California Gets Ready for Rezoning Battle Around Transit Hubs

Related imagePhoto of Senator Scott Wiener courtesy of San Francisco Chronicle

State Senator Scott Wiener had proposed SB 50, “More Homes Act” – a housing bill that would eliminate the “hyper-low-density zoning” in areas near bus and rail lines so that more housing development can be built on these areas.

The bill would legalize apartment buildings and affordable housing in these locations so that more people can live near transit and near where they work. It also reduces or eliminates minimum parking requirements for new developments.

Image result for more housing around transit san francisco californiaPhoto: SF Chronicle


Per Senator Wiener’s press release,

“To meet California’s climate goals, we must reform our approach to housing and legalize more housing near jobs and public transit,” said Senator Wiener. “It’s not sustainable to mandate low density zoning near jobs and transit. Doing so forces people into crushing commutes, covers up farmland and open space, clogs our freeways, and increases carbon emissions. These respected environmental organizations understand that if we are to reach our climate goals, we must make it easier for people to live close to where they work and near transit, to reduce vehicle miles traveled. I look forward to fighting for more sustainable and environmentally friendly housing policies alongside these great organizations.”

Image result for condos around transit in CaliforniaPhoto: NAI Northern California

The bill earned support from numerous mayors and city council members from around the State, including San Francisco Mayor London Breed, Oakland Mayor Libby Schaaf, Sacramento Mayor Darrell Steinberg, San Jose Mayor Sam Liccardo, Stockton Mayor Michael Tubbs, and Los Angeles Mayor Eric Garcetti.

Image result for condos around transit in CaliforniaPhoto: A rendering of MacArthur BART Transit Village courtesy of The Business Journals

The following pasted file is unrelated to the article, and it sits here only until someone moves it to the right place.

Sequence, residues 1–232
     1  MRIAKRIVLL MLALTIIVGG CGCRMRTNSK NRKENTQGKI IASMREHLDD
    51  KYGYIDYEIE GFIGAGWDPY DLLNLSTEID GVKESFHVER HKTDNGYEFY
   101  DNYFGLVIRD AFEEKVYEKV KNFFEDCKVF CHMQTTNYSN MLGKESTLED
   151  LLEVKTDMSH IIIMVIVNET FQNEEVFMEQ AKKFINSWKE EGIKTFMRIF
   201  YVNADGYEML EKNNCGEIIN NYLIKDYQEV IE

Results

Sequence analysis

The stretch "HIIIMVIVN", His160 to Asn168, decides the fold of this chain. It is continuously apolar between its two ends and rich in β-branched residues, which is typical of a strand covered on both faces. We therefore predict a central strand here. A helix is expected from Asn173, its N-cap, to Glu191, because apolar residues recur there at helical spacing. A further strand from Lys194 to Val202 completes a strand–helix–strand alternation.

It has also earned support from BART, Habitat for Humanity, AARP California and a host of other renter, business, and labor organizations including State Building and Construction Trades Council, the California League of Conservation Voters, the California Apartment Association, the Non-Profit Housing Association of Northern California, the San Francisco Housing Action Coalition, and the California Renters Legal Advocacy and Education Fund (CaRLA).

BART Board of Directors VP Rebecca Saltzman said,

“SB 50 will help ensure the production of more housing around BART stations,” noting that BART plans to build 20,000 housing units on land that it owns around BART stations by 2040.

Image result for condos around transit in CaliforniaPhoto of Housing construction seen near the MacArthur BART station from this drone view in Oakland, California courtesy of The Mercury News


True to the nature of politics, not all are on board with SB 50. In Palo Alto, three Caltrain stations in or near Palo Alto would subject neighborhoods of mostly single-family homes to potential zoning changes under SB 50.

Image result for SB 50 bill opposition
Photo by SF CEQA

Bill Brand, the mayor of Redondo Beach, said he was looking to start fundraising millions of dollars to launch an initiative process for a constitutional amendment that would protect local zoning. He called it a “neutron bomb” in a suite of options to slow and stop the proposals in Sacramento.

An advocacy group called Livable California is also recruiting residents for a lobbying day in Sacramento on March 26. Livable California’s website says,

1) SB 50 wipes out all single-family zoning in the below “transit” areas

2) SB 50 wipes out single-family zones in 1000s of neighborhoods

3) Rewards construction of 85-ft towers next to Single-Famly homes.

4) Cities can’t stop a luxury tower unless it hurts public safety.

5) Cities can’t reject demolitions in the new SB 50-targeted areas.

6) SB 50 forces ‘sensitive communities’ to upzone themselves by 2025

7) Turns developers into the fox guarding the rental hen-house

8) SB 50 puts developers in charge of their own planning.

9) SB 50 Turns Bus Routes into Land Wars: Bye-Bye San Diego


The organization would target the dozens of proposed bills meant to address California’s housing shortage with new zoning, affordable housing, and tenant protection laws that could supersede local planning decisions.

Image result for no on SB 50 bill Top LA Leaders Slam Wiener’s SB 50 image courtesy of CityWatch Los Angeles

If passed, SB 50 (dubbed the “More Homes Act”) would radically alter housing development standards not only in San Francisco but across California, effectively upzoning most of the land within half a mile of rail lines, bus lines, and ferry terminals.

Image result for senator scott wiener talking in front of peoplePhoto of activists Disrupt State Senator Scott Wiener at UCLA Economic Outlook courtesy of Housing Is A Human Right

Devin Osiri, Executive Director of the Los Angeles County Democratic Party also announced that the party voted against endorsing SB50 “More Homes Act” last Tuesday.

SB 50 was introduced on Dec 3, 2018 and will be set for legislative committee hearings in the coming months.


Sources:, Curbed SF, The Business Journals, The Mercury News

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